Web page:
A Powerful Pair of Rip Trainer Drills
Ten Minutes to Better Core Strength, Balance, and Posture
A rip trainer is a four foot long bar with resistance tubing attached to one end. The tubing can be anchored at different levels, and the rip trainer used to provide three-dimensional resistance for many different movement patterns. Over the years, I have found the pairing of two rip trainer drills produces excellent results with nearly all fitness clients. Many clients find the carry over to real life activity is so pronounced that they have purchased rip trainers for home use. Read the remainder of this article and watch a video demonstration of each of the drills.
If you are new to the rip trainer, I suggest you get some instruction on proper performance of each of the drills. The rip trainer has different resistance levels and most clients will do well with the medium resistance tubing. Start slowly with each of these drills and focus on moving more gracefully before increasing the resistance. For older clients with a smaller training volume “gas tank,” placing these drills in the beginning of your routine will assure you cover the essential components of a comprehensive training session.
Rip Trainer Split Stance Diagonal Lifts
Anatomically, our torso muscles are laid out in a spiral and diagonal fashion. Layers of fascia link one muscle to another and these interconnected bands of muscle and fascia wind around the body. The term for this anatomical layout is the Serape system. A serape is a blanket type garment worn around the neck, across the front of the body, and tucked into a belt. It is a useful term as it helps us remember the function of the team of muscles that link our hips to our shoulders. The rip trainer split stance diagonal lift creates a spiral / diagonal activation of the serape system of muscles that improves core strength and spinal muscle endurance.
If you have never used a Rip Trainer before, please watch the video that accompanies this article and get some input from a trainer on your performance. The description of this exercise sounds difficult, but once you learn the drill, it is easy to perform. Anchor the Rip Trainer at the floor level. The tubing will be at your right side. Assume a half kneeling posture with the right knee down. The tubing anchor point is on the right side and slightly behind your body. Hold the bar with a palms down grip. Start with a little tension on the bar on the lower right side of the body. Push down into the ground with the left foot by contracting the glutes and hamstrings. Brace the abdominal muscles and hold a tight and tall posture. Lift the bar diagonally up and across the body. The hands will finish overhead and you will be looking over the right arm. Perform ten repetitions on the right side and repeat on the left. It is not uncommon for one side to be weaker than the other. Train away that deficit with an extra set on your weaker side.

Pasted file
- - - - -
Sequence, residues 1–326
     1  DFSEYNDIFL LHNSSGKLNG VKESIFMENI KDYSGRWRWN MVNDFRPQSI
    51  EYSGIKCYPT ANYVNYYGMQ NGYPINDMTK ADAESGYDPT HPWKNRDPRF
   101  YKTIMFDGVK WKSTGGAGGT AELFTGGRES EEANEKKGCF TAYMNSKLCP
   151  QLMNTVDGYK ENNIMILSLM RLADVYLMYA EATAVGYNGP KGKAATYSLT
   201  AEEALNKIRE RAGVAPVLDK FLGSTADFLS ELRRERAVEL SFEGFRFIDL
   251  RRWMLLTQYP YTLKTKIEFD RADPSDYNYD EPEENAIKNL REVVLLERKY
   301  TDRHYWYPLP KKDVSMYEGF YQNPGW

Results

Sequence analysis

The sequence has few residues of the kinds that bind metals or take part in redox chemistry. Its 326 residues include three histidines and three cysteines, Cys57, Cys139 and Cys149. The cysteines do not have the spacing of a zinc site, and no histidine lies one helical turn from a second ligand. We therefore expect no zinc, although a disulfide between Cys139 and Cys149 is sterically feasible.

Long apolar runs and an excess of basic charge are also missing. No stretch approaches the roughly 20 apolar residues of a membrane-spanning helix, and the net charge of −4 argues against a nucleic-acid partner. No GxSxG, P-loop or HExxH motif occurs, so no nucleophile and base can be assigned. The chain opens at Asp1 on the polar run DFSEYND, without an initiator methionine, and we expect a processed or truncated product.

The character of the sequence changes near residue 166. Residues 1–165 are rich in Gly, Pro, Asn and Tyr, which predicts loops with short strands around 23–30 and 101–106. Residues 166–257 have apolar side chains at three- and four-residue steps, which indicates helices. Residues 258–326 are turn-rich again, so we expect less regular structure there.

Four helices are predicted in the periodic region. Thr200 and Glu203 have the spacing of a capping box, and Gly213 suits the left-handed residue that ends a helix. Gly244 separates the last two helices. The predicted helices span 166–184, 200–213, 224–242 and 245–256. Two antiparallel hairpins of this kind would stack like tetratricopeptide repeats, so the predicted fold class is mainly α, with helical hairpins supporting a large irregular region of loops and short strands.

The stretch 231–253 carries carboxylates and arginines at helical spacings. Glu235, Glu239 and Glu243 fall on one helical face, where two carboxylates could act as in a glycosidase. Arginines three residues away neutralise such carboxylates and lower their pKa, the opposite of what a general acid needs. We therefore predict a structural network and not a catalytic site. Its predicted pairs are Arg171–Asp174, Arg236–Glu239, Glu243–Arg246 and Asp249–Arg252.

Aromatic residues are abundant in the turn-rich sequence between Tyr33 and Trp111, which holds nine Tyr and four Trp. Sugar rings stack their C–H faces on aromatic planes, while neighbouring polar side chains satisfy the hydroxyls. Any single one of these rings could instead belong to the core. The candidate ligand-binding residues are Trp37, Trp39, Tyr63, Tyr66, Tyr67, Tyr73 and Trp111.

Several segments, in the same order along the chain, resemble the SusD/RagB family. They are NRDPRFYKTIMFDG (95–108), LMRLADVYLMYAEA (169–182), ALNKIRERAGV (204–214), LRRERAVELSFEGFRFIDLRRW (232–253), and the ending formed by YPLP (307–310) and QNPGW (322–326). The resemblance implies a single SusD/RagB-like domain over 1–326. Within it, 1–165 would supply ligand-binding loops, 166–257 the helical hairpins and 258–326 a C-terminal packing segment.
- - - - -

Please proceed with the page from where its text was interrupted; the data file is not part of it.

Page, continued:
Rip Trainer Anterior Step and Press
If your goal is to move better and remain free of injury, then 90% of your exercise activity should be performed in standing. Developing better kinesthetic awareness, strength, and coordination in a standing posture are the components of training that prevent a fall. I call this drill a fall safety exercise. The rip trainer anterior step and press teaches the client how to get the foot and hands up and out in front in the event a forward fall.
Attach the rip trainer at chest level and face away from the anchor point. Hold the bar with the palms down and the grip even on the bar. The resistance tubing should be set on the right side. Move forward so a slight resistance is placed on the tubing. Assume an athletic stance; abdominal muscles braced, left foot back, and right foot forward. Step forward with the right leg and simultaneously push the arms out against the resistance from the tubing. Drive through the left leg and connect the left hip, through a stable torso to the right shoulder. Keep the bar level and prevent the torso from rotating. Step backward with the right leg, reload, and perform another repetition. Start with five repetitions with the left leg, reverse the rip trainer, and perform the next set of five on the right leg.
Two sets of each of these drills takes less than ten minutes. Fitness clients have often commented how they feel these drills have improved their performance outside of the gym. They have better balance, coordination, and more confidence. Give this simple routine a try and let me know how things progress.
View video: here.
Mike O’Hara PT, OCS, CSCS